An alternative budget proposal submitted by Congressman Paul Ryan (Wis.), the House Budget Committee's Republican ranking member, would increase the federal budget deficit even more than President Obama's bloated budget — nearly $1 trillion more — according to a February 24 analysis by the Congressional Budget Office (CBO).
House Democrats have caved in to Republican pressure, removing an anti-torture provision from the Fiscal 2010 Intelligence Authorization Act (H.R. 2701). “The controversial provision,” the Washington Post reported February 26, “would have subjected intelligence officers to up 15 years in prison for interrogations that violate existing anti-torture laws, including the use of extreme temperatures, acts causing sexual humiliation or depriving a prisoner of food, sleep or medical care.”
President Obama signed into law February 12 a bill that would increase the federal debt limit by $1.9 trillion to a total of $14.3 trillion. The legislation also included a restoration of the “pay-as-you-go” provision of congressional budgeting that requires new spending proposals in Congress to be matched by cuts or tax increases in order to prevent accelerating the already out-of-control federal budget deficit.
If there were any lingering doubts that official Washington rewards incompetency and lack of foresight, Thursday’s Senate confirmation of Federal Reserve Chairman Ben Bernanke to a second four-year term as Fed Chairman should put them to rest.
The Senate voted on December 24 to allow the federal government to borrow an additional $290 billion, thereby increasing the total federal debt from $12.1 trillion to about $12.4 trillion. The House had already approved the measure during the previous week.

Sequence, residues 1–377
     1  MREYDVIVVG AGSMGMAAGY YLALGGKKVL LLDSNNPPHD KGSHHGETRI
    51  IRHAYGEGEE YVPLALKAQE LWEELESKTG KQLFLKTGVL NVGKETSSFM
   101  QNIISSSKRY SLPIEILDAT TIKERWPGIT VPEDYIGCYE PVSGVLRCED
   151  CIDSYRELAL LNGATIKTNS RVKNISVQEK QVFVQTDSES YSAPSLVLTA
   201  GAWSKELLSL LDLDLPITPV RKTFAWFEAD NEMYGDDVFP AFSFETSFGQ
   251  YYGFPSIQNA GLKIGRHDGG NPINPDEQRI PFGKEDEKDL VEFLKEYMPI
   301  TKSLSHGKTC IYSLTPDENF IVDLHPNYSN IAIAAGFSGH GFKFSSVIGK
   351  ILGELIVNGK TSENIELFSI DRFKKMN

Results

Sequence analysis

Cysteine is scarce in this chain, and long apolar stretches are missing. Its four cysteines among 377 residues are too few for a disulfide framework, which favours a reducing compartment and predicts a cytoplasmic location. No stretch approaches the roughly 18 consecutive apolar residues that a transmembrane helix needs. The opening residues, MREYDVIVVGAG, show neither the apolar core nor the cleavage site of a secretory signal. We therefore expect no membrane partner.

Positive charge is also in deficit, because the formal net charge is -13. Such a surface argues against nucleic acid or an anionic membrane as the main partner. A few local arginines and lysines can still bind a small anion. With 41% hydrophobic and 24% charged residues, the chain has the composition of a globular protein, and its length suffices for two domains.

"A foolish consistency is the hobgoblin of small minds," poet-philosopher Ralph Waldo Emerson wrote in the 19th Century. Small minds, at least those belonging to the ruling class in Washington, D.C., have broadened considerably since then. Senate Republicans, for example, may often be foolish on the subjects of taxing and spending. But at least two dozen of the current crop of GOP Solons have insulated themselves against any suspicion of consistency.
The Senate Banking Committee convened Thursday morning, December 17, and voted 16-7 to confirm Ben Bernanke for a second four-year term as Chairman of the Federal Reserve.
The Senate on December 13 passed a mammoth omnibus spending bill variously described as costing $447 billion or $1.1 trillion, depending on whether "mandatory" spending for programs such as Medicare and Social Security were included in the tabulation. The Senate vote completed congressional action, sending the legislation to the President for his signature. Dozens of federal agencies received average budget increases of 10 percent.
House Majority Leader Steny H. Hoyer (D-Md.) stated on December 11 that the federal government must borrow at least $1.8 trillion more in 2010 if the United States is to avoid defaulting on its debts. This would be over and above the current $12.1 trillion national debt limit.
Librarians are virtually united in opposing the renewal of the Patriot Act provisions that are set to expire this December 31, 2009. Thirty-two state chapters of the American Library Association (ALA) have passed resolutions calling for Congress to allow Section 215 of the act to expire.